In a paper published in the journal Economic Geology, the researchers point out that despite the growing importance of these essential raw materials, exploration models for REE are comparatively less developed than those for major and precious metals such as iron, copper and gold.
To address this, the teams involved in the project decided to use both geophysical and geochemical approaches to create their model. In other words, their solution is based on a compilation of maps, geophysical and geochemical data, and petrological observations from alkaline igneous systems worldwide.
According to the experts, groups of alkaline igneous rocks with a common geological history occur at many localities around the world and are common hosts of REE deposits.
“Because historical demand for the REEs has been low, their supply chains are dominated by a handful of countries who invested early,” Charles Beard, a research associate at the University of Cambridge and lead author of the study, said in a media statement.
“Our understanding of the geology of REE deposits was largely based on details studies of individual occurrences, with a host of complex local nomenclature—a barrier to exploration, relative to more mature commodities such as copper or gold.”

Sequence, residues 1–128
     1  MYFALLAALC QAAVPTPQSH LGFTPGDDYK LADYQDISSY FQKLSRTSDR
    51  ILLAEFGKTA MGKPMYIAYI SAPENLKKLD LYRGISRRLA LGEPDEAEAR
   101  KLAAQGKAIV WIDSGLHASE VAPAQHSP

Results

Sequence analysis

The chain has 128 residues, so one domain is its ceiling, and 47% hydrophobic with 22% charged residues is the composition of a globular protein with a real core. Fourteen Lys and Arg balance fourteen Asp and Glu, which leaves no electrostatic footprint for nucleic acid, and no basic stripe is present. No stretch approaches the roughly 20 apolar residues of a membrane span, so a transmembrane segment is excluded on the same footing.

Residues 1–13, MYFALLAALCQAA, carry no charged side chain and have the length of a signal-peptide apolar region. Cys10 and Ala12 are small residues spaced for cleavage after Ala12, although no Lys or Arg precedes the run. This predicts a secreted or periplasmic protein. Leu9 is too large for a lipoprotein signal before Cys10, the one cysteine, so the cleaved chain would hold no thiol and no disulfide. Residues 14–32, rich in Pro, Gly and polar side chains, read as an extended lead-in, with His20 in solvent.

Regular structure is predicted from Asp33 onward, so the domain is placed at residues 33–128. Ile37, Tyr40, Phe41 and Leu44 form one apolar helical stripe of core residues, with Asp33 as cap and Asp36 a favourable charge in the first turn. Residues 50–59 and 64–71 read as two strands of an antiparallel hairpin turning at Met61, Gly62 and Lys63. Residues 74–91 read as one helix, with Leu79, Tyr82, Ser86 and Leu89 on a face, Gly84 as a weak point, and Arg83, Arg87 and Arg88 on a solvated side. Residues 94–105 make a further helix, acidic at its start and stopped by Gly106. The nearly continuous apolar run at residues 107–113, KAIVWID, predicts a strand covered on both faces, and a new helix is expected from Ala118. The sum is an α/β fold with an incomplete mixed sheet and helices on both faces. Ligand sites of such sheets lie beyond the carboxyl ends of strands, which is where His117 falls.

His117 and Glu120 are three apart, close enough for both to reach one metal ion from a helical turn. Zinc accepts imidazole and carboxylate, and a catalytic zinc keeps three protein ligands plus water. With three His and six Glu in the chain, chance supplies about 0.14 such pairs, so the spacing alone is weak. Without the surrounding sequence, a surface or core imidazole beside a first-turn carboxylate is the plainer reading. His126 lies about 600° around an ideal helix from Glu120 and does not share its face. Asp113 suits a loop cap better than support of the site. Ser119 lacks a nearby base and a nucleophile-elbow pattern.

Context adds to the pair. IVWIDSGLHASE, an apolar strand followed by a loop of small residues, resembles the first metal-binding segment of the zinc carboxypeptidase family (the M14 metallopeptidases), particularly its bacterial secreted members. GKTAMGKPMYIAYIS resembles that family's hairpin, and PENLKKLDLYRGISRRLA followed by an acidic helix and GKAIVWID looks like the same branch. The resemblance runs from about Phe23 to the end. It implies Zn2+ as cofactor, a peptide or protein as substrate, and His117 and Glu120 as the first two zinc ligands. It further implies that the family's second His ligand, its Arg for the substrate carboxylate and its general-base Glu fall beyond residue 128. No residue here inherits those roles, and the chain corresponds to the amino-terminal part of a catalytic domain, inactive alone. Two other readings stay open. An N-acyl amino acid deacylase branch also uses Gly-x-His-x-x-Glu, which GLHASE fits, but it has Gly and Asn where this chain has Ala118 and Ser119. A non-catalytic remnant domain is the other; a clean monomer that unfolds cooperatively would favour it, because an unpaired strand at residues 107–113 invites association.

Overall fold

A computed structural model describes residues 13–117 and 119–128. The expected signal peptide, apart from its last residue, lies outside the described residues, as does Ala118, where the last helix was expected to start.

Beard explained that the aim of this work was to generate a multiscale REE exploration guidebook of alkaline-silicate systems, to allow geologists to more efficiently locate prospective regions and REE deposits.
“This was done by synthesizing diverse observations from maps, geophysical models and geochemical indicators to generate a workflow for explorers that is applicable from continental to deposit scale. The publication includes a schematic 3D model for alkaline-silicate systems showing the position of various types of critical mineral deposits,” he said.
The 3D model is specially directed at geologists new to alkaline rocks so that they can quickly learn the key points to guide the search for REEs.
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